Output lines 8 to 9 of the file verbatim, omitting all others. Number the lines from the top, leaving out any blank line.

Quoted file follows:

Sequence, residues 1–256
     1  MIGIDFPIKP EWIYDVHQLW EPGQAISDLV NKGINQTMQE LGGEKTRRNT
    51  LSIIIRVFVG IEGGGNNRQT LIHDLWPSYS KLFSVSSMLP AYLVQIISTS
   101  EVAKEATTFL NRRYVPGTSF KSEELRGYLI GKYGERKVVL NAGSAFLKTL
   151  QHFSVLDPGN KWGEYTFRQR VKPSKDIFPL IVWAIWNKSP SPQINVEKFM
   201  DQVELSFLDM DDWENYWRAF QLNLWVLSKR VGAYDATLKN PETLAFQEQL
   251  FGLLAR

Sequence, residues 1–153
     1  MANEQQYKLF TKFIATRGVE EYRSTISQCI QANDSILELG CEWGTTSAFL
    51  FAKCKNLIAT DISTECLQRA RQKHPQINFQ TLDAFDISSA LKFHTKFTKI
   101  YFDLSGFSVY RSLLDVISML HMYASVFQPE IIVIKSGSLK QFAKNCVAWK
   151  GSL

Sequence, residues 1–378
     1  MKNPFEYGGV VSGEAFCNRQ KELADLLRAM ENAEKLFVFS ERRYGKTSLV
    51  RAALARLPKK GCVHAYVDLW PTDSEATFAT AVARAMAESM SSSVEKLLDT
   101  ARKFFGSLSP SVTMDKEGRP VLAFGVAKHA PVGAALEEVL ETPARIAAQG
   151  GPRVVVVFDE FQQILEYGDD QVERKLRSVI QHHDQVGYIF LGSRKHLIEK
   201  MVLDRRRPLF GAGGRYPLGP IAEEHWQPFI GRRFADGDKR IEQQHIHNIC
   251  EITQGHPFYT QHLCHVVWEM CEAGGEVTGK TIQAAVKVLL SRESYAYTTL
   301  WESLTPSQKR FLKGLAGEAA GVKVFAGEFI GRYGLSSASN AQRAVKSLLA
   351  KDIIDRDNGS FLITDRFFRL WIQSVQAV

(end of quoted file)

Sequence, residues 1–153
     1  MANEQQYKLF TKFIATRGVE EYRSTISQCI QANDSILELG CEWGTTSAFL